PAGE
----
Leaders: Sturgeon must work harder to get pass marks on education

New exam results are heartening but the Scottish Government has yet to implement its strategy to close attainment gap

Cabinet Secretary for Education John Swinney meets pupils who have received their Highers results. Picture: John Devlin
Cabinet Secretary for Education John Swinney meets pupils who have received their Highers results. Picture: John Devlin

After all the hard work, it’s the day when the effort has either been worth it – or not enough. And as pupils and students in Scotland received their exam results yesterday, perhaps the biggest sigh of relief came from the examiners, who last year had to cut the “pass” mark in Higher maths to just 34 per cent after the exam was found to be too difficult.

This year’s results were largely a success story, with one of the stand-out statistics showing that more pupils from Scotland got a university place on results day than in any previous year. In addition, the 152,701 Higher passes represent the second highest number on record, although the pass rate fell by two per cent. Congratulations go to those who achieved their goal, and commiserations to those who fell short on this occasion.

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After last year’s fallout over Higher maths, and with fears over a problem with Higher English this year proving unfounded, the big picture is one of a successful year.

But it would be a mistake to interpret the results as a sign of improving standards, because since the First Minister’s pledge to close the attainment gap in education, a strategy has yet to be implemented. Opposition parties were quick to highlight the attainment gap yesterday, with pupils from the most prosperous backgrounds still four times more likely to gain university entrance than those from the poorest areas.

It would also be an error to take the results alone as evidence of a more educated population beginning to emerge. Those who have attained grades which gain them places in further education have a long way to go before their contribution to society can be considered any more significant than that of previous generations.

Choosing an appropriate university course, completing it successfully, and finding a relevant career have yet to be negotiated, and there will be many pitfalls along the way.

It would also be premature to conclude that a 19 per cent increase in the number of students from EU countries being accepted to Scottish universities means there is no evidence of EU students being put off by the Brexit vote, as was claimed yesterday.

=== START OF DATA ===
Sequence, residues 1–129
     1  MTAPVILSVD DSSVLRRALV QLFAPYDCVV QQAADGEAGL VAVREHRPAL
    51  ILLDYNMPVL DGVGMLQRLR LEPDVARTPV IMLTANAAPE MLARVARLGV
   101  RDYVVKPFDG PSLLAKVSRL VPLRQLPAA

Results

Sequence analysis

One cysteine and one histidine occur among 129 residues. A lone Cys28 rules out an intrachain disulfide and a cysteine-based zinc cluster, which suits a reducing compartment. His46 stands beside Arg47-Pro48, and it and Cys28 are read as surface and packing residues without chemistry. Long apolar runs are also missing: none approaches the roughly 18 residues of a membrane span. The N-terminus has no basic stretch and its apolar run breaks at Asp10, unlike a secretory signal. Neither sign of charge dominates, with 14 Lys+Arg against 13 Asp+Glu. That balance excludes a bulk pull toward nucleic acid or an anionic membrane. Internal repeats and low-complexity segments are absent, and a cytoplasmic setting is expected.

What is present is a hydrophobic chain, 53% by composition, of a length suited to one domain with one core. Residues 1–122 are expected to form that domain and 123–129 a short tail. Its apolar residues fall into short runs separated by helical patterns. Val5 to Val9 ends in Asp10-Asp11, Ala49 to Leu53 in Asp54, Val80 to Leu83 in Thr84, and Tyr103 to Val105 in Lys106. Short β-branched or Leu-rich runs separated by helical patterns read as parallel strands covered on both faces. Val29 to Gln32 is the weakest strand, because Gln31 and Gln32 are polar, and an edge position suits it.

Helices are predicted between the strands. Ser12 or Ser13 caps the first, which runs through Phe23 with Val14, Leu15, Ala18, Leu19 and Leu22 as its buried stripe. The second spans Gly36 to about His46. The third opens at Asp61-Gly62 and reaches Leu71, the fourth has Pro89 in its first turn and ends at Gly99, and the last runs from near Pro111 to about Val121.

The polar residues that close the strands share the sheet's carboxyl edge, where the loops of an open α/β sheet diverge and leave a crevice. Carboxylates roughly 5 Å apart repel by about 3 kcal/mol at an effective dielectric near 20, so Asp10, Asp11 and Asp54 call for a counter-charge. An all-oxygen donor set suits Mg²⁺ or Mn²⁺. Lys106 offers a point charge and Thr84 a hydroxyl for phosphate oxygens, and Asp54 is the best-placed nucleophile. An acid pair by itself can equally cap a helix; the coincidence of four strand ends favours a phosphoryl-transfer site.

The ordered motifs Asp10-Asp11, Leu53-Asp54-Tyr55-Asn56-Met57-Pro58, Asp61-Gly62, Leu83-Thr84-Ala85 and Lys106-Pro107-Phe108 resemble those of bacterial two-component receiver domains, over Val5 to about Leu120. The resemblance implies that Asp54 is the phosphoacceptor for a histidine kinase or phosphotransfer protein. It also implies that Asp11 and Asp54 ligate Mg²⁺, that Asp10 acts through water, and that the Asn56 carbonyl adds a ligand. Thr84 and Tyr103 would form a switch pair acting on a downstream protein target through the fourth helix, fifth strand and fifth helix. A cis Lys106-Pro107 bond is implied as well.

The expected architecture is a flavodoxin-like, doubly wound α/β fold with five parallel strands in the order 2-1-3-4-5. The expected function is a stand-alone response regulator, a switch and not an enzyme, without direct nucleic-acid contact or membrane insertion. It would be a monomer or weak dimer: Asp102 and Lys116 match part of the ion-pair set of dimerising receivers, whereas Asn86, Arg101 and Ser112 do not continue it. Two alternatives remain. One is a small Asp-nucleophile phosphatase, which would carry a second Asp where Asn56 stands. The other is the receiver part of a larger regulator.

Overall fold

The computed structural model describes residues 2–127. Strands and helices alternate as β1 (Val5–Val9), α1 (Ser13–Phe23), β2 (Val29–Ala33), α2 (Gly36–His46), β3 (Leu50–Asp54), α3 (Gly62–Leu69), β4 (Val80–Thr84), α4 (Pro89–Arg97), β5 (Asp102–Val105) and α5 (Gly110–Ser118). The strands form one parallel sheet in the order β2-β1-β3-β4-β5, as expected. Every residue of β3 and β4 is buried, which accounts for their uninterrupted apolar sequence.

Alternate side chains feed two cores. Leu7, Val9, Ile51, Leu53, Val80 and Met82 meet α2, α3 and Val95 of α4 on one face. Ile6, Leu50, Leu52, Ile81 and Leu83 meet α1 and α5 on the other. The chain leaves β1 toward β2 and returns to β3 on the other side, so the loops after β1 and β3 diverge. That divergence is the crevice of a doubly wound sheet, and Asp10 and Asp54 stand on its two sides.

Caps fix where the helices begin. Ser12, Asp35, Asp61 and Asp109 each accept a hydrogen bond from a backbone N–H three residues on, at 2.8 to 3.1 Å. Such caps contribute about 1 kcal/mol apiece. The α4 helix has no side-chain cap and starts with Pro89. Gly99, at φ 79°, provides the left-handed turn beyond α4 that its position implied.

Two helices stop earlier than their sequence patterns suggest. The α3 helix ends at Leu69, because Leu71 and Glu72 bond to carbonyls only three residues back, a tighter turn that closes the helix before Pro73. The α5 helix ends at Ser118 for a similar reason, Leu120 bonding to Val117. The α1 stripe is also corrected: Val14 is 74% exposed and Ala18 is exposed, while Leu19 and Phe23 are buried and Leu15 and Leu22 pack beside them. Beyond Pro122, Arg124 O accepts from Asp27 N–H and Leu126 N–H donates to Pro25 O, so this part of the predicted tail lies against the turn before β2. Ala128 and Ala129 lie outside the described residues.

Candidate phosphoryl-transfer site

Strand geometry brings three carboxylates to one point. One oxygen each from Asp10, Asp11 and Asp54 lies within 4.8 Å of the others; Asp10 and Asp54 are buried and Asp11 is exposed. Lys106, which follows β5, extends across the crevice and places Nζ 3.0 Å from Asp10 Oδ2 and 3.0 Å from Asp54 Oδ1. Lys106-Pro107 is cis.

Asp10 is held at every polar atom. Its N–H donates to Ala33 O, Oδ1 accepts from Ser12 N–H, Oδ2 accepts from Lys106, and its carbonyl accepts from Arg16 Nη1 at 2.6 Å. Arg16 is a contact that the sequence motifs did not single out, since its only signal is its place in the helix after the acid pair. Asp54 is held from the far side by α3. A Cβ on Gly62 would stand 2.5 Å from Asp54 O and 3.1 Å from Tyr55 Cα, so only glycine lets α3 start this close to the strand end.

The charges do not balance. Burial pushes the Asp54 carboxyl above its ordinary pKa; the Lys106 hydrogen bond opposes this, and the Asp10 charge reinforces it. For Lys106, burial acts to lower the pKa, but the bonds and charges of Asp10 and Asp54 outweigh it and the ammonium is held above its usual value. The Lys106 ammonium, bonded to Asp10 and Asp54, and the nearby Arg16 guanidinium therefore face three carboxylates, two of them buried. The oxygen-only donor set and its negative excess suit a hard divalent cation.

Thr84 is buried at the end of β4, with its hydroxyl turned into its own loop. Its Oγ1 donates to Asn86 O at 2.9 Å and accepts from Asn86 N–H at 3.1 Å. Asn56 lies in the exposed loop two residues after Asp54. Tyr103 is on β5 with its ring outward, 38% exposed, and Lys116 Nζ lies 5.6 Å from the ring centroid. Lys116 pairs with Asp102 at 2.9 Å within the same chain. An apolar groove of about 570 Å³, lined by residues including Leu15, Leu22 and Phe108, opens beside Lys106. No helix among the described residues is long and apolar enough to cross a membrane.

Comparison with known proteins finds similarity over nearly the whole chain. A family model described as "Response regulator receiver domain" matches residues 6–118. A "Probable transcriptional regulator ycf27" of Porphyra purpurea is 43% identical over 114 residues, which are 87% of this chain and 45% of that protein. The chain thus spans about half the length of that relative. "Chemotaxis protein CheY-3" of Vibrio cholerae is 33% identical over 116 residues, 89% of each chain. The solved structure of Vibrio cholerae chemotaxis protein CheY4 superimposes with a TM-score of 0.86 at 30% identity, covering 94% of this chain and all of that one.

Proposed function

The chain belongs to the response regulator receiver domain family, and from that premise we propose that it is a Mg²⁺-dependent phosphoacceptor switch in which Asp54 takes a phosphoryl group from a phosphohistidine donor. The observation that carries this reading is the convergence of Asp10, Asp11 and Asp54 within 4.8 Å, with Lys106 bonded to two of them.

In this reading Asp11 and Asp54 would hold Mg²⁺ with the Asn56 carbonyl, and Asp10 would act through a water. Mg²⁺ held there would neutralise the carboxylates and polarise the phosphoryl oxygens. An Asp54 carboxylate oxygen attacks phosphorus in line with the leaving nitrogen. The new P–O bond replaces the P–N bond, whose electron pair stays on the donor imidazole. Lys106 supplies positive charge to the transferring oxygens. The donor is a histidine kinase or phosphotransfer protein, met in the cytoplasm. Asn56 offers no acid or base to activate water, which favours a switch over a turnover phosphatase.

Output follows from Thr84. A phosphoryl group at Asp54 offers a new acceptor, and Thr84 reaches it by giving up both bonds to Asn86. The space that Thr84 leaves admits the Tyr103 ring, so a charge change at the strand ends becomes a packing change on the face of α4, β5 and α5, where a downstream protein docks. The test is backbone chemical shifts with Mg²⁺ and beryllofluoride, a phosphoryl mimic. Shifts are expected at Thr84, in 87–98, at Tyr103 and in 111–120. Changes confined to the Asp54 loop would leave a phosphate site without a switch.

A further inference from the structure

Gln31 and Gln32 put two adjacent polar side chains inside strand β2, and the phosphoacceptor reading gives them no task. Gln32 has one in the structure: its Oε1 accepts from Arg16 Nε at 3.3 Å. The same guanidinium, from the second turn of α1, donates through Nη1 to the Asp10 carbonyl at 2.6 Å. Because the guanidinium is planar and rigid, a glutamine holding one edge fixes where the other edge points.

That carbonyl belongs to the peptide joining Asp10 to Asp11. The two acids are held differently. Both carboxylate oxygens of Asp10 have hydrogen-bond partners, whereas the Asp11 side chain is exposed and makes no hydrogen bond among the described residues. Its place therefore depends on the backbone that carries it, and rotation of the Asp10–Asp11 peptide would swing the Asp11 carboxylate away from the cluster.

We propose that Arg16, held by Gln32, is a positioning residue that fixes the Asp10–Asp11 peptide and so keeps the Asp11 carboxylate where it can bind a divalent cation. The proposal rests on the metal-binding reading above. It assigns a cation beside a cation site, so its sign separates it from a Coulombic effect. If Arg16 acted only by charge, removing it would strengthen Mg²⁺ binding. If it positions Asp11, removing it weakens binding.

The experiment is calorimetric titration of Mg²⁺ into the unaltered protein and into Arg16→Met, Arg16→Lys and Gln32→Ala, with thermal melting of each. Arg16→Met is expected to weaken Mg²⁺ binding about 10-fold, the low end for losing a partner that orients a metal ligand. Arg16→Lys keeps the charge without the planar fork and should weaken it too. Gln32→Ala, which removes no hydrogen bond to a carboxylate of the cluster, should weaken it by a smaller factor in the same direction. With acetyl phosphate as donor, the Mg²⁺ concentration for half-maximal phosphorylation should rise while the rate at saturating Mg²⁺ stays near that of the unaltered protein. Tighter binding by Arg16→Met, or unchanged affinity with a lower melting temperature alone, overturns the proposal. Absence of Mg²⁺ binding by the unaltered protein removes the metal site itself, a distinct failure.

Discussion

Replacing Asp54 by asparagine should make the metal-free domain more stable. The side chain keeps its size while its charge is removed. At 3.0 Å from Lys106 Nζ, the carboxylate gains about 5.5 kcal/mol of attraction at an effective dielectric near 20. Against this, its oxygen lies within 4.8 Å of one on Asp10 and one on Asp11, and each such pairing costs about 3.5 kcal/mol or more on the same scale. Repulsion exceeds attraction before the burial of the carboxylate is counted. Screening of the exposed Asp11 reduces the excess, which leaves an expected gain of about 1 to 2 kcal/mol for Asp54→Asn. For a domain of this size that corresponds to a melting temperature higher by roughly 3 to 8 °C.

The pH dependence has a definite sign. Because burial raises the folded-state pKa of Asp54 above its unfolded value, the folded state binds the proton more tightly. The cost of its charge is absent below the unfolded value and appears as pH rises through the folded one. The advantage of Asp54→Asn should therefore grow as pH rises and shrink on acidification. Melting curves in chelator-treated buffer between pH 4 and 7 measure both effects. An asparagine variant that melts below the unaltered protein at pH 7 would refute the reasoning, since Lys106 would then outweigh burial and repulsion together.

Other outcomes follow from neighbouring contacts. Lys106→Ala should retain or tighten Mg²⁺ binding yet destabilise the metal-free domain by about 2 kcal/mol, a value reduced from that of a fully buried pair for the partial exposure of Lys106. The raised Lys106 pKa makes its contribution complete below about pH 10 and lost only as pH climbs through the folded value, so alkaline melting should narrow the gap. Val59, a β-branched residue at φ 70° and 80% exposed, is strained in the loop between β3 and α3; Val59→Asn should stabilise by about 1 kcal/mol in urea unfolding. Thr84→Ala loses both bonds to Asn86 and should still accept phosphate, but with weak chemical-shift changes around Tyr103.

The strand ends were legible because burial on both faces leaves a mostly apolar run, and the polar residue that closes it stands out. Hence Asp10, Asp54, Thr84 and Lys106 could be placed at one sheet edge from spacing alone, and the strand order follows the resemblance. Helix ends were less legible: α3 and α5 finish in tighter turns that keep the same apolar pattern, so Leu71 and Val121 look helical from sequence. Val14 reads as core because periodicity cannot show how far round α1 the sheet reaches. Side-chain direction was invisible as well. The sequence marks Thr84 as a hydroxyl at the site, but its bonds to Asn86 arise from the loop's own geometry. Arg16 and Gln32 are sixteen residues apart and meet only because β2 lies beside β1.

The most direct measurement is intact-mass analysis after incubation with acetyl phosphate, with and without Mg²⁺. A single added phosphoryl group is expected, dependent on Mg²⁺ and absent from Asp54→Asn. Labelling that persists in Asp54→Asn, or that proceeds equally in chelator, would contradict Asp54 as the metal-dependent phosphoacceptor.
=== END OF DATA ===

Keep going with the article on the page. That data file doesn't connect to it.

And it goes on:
Applications for places were made long before the UK voted to leave the European Union, and the withdrawal’s effect will not become clear until next year at the earliest. A lack of clarity over the future status of EU applicants could have a negative effect on applications, and any sense that Brexit could impact on EU resources available to universities for research could also have a negative effect on the lucrative market of non-EU students, who pay hefty fees.

Clarity is also required for the domestic intake. If an increasing number are reaching university each year, progress would be undermined if the universities hit funding difficulties. Their business models are built on attracting fee-paying overseas students.

If that is to change post-Brexit, it will have serious consequences for higher education in Scotland – and for those whose hopes and dreams are built on yesterday’s results.

Aid for Aleppo must be priority

Without the dramatic images of immigrants arriving in Europe, seeing the sad reality of the Syrian refugee crisis, it is easy to forget about the cause of that crisis, the war tearing Syria apart.

But we should not, because human tragedy is still unfolding. Any hope of the partial truce brokered by the US and Russia bringing significant relief to the suffering has been dashed. Now the United Nations is warning that children in Aleppo, Syria’s second city, are at “grave risk” of disease unless water supplies are immediately repaired.

The fighting around Aleppo has been fierce in recent weeks, the forces of Syrian President Bashar al-Assad advancing on rebels with the help of Russian air strikes. It has resulted in the water supplies being cut off while the city also struggles with a heat wave.

In the meantime the Syrian government is dallying on its way to the latests round of peace talks in Geneva, it has already said its negotiating team will arrive late, and the clear implication is that the war is currenltly going well for them so the longer they delay the closer they get to victory.

But that delay also means that thousands of more lives may be lost and some of those might be children of Aleppo. There is no time for the peacetalks to start before aany action is taken. The fighting around Aleppo should be suspended immediately to allow a humanitarian relief effort to restore water supplies and vital medical aid to the civilians trapped there. Assad has only got the upper hand through the Russian support he receives. Russia must surely bring pressure to bear to declare a ceasefire around Aleppo. Putin knows that Assad will listen to him.